Depression in the Elderly
Elderly Depression isn't inevitable as we age, but the problems we may have to face as we get older, such as divorce, bereavement and ill health, can predispose to it.
At certain stages of our development we may become more vulnerable to external changes, and we will show this internal strain by being depressed. It is lowering to find we can not do the things we used to, nor do we have the status of holding down a job.
You may check your mood status using our simple geriatric depression test.
As we go through middle age we may start to feel that we are lagging behind, we are slower than we once were. That is a turning point, the so called midlife crisis. Should we decline with the decay of our physical body or...?
The social causes of depression are the most important factors for elderly depression, which are always associated with separation and loss.
Depression and elderly
Being poor does not necessarily lead to depression, but if poverty means a loss of status, it may.
Bad weather does not necessarily lead to depression, but if bad weather means that you have to abandon a treat, then it can.
Belonging to a minority group does not cause depression, but if by being so you are cut off from others or persecuted then it would not be surprising if you did get depressed.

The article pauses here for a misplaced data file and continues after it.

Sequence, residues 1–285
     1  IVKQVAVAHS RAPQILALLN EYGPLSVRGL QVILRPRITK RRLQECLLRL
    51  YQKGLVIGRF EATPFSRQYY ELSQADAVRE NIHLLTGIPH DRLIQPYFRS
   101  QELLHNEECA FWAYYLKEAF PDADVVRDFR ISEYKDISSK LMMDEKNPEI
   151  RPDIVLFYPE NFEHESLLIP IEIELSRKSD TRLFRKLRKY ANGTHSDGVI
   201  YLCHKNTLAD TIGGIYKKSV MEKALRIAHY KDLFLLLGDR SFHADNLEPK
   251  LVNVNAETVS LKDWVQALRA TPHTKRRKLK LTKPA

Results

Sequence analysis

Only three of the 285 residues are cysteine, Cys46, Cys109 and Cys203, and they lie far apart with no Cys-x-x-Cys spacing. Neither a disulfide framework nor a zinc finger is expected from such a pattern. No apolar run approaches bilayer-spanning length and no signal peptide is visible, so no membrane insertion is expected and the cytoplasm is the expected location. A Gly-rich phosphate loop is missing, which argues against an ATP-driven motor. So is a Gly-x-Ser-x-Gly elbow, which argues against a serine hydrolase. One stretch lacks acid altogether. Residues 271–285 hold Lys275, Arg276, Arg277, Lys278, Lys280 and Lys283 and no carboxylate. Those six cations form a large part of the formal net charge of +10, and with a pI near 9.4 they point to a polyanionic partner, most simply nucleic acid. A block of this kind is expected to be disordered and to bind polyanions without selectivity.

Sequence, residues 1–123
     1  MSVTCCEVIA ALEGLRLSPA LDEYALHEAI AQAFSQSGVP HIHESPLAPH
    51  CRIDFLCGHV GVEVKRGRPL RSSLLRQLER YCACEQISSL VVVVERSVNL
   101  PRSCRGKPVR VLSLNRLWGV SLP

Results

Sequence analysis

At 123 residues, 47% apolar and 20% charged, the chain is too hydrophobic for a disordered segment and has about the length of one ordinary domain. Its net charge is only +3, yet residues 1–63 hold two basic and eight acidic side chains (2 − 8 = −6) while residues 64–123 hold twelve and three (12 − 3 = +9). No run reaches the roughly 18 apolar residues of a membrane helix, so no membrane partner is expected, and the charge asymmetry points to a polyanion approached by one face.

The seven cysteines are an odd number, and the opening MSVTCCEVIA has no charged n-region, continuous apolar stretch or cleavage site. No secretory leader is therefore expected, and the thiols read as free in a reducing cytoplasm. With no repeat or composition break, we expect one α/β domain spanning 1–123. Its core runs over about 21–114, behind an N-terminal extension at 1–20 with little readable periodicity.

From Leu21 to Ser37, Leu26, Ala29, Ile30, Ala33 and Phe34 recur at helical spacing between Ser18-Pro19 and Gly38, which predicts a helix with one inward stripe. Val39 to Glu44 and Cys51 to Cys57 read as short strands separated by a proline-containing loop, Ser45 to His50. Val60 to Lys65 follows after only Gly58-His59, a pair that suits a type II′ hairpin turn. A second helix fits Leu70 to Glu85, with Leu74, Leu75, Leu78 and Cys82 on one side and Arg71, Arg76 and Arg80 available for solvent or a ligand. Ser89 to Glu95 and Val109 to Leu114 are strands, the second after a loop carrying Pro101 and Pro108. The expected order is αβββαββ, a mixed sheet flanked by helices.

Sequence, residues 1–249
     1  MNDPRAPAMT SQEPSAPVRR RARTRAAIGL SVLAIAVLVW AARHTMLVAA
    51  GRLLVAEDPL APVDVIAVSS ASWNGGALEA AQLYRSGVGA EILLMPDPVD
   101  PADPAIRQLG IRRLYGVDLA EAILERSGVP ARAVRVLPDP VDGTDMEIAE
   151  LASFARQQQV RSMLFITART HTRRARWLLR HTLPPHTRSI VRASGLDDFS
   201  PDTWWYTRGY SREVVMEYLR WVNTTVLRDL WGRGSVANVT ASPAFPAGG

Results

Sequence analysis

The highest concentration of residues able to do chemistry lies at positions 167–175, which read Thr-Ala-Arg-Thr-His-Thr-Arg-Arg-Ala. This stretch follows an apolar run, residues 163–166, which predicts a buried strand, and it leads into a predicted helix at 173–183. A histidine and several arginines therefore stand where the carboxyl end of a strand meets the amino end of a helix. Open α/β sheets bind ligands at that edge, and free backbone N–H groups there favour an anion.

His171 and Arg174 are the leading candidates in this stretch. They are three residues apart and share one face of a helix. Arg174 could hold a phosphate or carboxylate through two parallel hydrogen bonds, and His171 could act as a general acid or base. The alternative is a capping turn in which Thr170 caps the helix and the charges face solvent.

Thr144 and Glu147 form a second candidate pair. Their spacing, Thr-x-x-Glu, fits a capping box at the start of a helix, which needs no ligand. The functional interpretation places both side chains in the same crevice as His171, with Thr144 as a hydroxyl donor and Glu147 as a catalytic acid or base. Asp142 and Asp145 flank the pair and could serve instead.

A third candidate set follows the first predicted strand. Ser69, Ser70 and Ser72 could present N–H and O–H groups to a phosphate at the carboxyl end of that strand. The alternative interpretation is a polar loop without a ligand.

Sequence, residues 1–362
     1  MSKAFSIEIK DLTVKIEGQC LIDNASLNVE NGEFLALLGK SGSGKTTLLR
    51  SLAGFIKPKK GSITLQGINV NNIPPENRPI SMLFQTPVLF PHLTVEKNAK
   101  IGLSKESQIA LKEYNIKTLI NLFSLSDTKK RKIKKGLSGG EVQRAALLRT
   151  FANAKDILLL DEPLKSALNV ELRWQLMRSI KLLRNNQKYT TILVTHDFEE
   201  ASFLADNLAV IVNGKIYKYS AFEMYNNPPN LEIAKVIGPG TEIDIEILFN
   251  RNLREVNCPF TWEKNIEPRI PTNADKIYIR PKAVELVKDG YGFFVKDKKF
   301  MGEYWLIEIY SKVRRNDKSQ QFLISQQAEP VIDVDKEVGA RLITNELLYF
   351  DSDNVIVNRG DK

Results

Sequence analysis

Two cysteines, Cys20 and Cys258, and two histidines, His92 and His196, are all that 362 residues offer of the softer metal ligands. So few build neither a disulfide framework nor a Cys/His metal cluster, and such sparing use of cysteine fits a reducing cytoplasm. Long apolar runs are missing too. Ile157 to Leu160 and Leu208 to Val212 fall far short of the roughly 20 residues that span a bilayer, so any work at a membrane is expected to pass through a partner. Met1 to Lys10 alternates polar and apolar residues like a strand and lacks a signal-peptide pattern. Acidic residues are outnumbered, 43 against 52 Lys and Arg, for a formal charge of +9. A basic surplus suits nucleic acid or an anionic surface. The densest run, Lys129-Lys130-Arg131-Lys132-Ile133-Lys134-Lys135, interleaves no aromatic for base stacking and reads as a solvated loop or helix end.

Most people believe that there is one social factor - ISOLATION - that seems to be linked very closely with a tendency to elderly depression. As we get older, a wide range of social and psychological stresses may contribute to depression.
Bereavement would be the most dramatic for all of us, but other causes of isolation, such as our children getting married or their moving to another part of the country, or our re-housing away from a familiar neighbourhood, are examples that can cause disquiet.
The oldest trees often bear the sweetest fruitGerman proverb
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